Updated at 11:15 p.m. ET
New Orleans Police Department’s Fifth District detectives have identified a man they believe opened fire yesterday into a large crowd during a second-line, wounding 19 people, including two children.
Less than 25-hours after the shots were fired, detectives obtained an arrest warrant for 19-year-old Akein Scott. Investigators and NOPD SWAT team members checked two locations for Scott Monday night, but were unsuccessful. Multiple witnesses came forward to police and identified Scott as the triggerman.
The investigation is still active, as it’s not yet been determined whether Scott was the only person to fire a weapon at yesterday’s event. Detectives continue to collect evidence, conduct interviews and have canvassed and re-canvassed the area where the shooting occurred in an effort to gather more information.
“The work done by our Fifth District team is arguably some of the finest police work I’ve seen in my 12 years as a chief. Right after the first shot was fired yesterday afternoon, these officers knew exactly what to do and wasted no time getting to it,” said Police Superintendent Ronal Serpas.
“I also want to commend those members of the community who stepped up and contacted police with the information they had. There were dozens of people at yesterday’s second line. And we know there is more information out there. So we are still asking people who were at the scene, to call us…send us the video of the second line that you may have recorded on your cell phone,” Serpas said.
“Akein Scott needs to do the right thing, and turn himself in. What happened yesterday was an atrocity, and we want to make sure that everyone who took part in that violence faces consequences of the criminal justice system.”
Police said Scott had previous arrests for weapons possession and drug charges.
Medical student Jarratt Pytell was marching in a Mother’s Day parade in New Orleans’ 7th Ward Sunday, just past Claiborne Street, when he heard “a sound like firecrackers, like the little Black Cats that explode in quick succession.” It took Pytell and the crowd of hundreds only a few seconds to realize they were being fired on by at least one unnamed shooter, who, before everyone had time to clear out or hit the ground, wounded nineteen people, including two 10-year-old children.
“The shots were coming so fast, it was difficult to tell them apart,” Pytell wrote Monday. “The wave of people hit the ground. I landed on top of my friend Matt’s aunt. We were all in a ditch on the side of the street. Right before [my girlfriend] Emily went to the ground she said, ‘This isn’t happening.’”
The shooting occurred at at around 1:47pm Sunday, according to the New Orleans’ Police Department, during a second-line parade, in which locals march and dance behind brass bands in a normally cheerful spectacle common to New Orleans. Serpas said Monday that there may have been as many as three shooters involved in the exchange.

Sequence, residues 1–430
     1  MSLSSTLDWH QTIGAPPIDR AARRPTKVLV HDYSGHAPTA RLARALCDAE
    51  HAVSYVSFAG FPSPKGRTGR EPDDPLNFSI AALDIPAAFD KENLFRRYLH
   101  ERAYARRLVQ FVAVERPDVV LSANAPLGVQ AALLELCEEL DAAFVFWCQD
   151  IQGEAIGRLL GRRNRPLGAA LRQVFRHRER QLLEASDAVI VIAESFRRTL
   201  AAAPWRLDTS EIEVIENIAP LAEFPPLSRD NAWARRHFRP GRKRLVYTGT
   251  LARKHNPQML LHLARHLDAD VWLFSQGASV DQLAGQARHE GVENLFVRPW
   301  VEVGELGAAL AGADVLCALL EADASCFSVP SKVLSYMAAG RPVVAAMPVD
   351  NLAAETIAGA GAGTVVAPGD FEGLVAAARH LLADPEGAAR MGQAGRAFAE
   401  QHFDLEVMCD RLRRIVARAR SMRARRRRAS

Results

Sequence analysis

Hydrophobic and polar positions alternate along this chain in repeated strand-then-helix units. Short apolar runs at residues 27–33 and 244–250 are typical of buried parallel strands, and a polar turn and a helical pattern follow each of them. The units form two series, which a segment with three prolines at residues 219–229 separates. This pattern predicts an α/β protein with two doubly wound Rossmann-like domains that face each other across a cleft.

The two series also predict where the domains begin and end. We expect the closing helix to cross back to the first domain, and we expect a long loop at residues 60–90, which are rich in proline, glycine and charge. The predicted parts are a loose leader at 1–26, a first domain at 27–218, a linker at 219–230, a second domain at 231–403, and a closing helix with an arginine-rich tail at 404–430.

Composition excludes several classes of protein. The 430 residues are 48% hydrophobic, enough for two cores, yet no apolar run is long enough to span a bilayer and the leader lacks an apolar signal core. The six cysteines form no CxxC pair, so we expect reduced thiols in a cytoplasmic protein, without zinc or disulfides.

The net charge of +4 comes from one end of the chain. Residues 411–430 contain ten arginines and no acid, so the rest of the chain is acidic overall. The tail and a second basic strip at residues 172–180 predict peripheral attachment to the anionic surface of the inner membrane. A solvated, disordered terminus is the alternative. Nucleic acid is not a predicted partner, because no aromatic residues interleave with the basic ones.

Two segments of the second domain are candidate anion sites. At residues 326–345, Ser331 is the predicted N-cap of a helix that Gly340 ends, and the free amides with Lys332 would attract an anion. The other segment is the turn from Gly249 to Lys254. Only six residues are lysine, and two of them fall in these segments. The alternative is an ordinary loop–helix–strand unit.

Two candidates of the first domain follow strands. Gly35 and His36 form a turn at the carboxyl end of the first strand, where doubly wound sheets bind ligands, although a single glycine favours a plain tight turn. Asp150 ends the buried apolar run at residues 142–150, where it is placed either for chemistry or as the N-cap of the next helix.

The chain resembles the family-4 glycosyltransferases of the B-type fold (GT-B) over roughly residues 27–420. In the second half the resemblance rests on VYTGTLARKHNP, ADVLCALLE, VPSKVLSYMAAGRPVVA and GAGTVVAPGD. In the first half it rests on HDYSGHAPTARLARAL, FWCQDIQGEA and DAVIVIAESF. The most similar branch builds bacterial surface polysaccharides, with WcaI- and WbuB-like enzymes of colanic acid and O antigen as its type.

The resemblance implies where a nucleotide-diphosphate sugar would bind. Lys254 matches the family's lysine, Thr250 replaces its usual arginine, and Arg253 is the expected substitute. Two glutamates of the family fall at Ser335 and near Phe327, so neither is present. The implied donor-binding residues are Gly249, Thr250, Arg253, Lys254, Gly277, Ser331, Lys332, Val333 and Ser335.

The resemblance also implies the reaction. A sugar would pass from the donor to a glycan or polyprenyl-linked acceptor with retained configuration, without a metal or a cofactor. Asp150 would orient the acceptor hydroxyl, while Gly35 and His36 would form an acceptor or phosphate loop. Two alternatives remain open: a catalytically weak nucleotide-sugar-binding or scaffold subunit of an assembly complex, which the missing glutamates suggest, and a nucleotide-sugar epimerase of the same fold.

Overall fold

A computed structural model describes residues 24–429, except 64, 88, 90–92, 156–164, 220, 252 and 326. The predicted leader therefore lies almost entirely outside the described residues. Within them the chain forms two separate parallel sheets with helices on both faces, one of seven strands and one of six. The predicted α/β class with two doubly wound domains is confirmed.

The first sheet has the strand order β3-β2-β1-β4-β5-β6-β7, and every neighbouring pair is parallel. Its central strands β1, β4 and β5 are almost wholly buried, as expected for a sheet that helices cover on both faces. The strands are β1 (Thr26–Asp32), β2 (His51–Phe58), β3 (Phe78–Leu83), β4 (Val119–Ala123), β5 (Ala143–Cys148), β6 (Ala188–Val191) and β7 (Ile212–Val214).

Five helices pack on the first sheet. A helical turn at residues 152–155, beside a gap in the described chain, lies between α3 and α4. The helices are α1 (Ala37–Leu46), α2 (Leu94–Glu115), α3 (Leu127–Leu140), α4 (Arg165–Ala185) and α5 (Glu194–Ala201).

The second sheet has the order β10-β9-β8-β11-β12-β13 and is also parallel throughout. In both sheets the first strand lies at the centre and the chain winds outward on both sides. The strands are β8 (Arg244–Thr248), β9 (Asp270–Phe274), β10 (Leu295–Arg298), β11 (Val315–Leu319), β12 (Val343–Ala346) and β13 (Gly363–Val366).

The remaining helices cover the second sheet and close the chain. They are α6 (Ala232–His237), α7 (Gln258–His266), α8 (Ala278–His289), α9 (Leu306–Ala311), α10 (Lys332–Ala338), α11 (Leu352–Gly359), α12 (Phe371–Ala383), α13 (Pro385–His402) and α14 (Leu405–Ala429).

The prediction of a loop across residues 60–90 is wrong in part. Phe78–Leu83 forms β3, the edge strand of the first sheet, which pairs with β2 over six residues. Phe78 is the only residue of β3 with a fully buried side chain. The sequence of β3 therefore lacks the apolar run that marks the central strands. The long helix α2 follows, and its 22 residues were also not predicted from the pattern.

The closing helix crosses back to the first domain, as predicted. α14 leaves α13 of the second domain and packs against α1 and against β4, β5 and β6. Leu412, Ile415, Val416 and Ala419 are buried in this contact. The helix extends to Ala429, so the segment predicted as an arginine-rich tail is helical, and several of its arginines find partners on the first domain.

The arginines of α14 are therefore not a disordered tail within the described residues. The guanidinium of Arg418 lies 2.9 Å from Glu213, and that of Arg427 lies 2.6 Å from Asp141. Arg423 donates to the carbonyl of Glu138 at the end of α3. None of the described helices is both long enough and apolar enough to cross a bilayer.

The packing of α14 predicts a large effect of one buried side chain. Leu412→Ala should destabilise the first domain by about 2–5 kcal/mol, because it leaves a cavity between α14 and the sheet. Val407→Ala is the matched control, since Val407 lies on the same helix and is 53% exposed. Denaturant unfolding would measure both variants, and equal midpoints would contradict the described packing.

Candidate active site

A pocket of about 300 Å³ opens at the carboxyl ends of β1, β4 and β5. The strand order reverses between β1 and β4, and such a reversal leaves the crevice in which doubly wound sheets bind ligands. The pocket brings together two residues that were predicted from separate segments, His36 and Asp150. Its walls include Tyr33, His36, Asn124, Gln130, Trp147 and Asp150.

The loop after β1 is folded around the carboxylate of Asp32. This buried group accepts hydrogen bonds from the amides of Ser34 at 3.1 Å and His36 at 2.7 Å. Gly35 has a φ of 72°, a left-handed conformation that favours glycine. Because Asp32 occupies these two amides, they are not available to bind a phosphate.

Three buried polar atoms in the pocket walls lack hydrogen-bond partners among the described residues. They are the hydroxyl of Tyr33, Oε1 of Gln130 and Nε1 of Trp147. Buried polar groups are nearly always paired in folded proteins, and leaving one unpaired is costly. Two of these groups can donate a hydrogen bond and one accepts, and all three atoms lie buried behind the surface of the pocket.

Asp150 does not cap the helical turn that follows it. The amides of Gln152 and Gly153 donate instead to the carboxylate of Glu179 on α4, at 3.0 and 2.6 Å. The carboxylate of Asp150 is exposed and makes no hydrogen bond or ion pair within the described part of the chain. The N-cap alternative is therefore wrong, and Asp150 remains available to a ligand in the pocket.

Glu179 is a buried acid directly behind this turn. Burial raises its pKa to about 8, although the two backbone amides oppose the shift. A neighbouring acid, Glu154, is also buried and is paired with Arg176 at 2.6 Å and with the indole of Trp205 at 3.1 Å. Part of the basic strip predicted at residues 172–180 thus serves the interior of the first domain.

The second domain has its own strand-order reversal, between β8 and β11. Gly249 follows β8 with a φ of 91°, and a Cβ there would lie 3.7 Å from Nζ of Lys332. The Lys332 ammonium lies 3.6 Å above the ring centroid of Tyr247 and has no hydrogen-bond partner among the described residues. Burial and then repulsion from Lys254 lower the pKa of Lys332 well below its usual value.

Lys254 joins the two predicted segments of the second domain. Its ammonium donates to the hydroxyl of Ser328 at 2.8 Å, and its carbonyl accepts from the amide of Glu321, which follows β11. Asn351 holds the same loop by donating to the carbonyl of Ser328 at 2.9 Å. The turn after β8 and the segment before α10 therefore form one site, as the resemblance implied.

Police released surveillance footage of the scene Monday morning, which shows successive frames of one suspect pointing a gun into a panicked crowd and then running away. The FBI in New Orleans have denied that the shooting was an act of terrorism, calling it instead “an act of street violence.”
Though three victims were brought to a local hospital in critical condition, none of the gunshot wounds were fatal, and police say that most injuries were not life-threatening. Of the 19 wounded, 11 were admitted to New Orleans’ Interim LSU Public Hospital, and three underwent immediate surgery. A number of victims, including the 10-year old boy and a 10-year old girl, were only grazed.
As of Monday morning, seven victims were discharged from the hospital. The three who received surgical treatment are expected to receive more in the coming days, said a hospital spokesman.
New Orleans Mayor Mitch Landrieu is encouraging anyone with information or video footage of the shooter or shooters to come forward. ”These kinds of incidents will not go unanswered,” he told the Times-Picayune. “Somebody knows something. The way to stop this violence is for you all to help.”
“There was yelling and crying,” Pytell recalls. “Cops had moved in and were calling for backup. The man I was helping had two wounds on his arm. One was through his bicep, and the other on his triceps, and it looked as though the bullet went straight through. He didn’t have a pulse, so I removed the tourniquet, applied direct pressure, and used the belt to hold a towel around his wounds.”
The man survived, as did several others whom Pytell aided. After the EMS arrived, Pytell left to reunite with his friends. None were hit by gunfire, though Pytell says all were understandably shaken.
Pytell is a 3rd year medical student at Louisiana State University. Previously, he taught 7th and 8th graders within the Recovery School District in New Orleans for Teach For America. In the crowd, his girlfriend Emily spotted a couple of their old students.
“This shooting is our first,” Pytell writes, “but that was their neighborhood, where they live and grew up, and it was something they deal with daily.”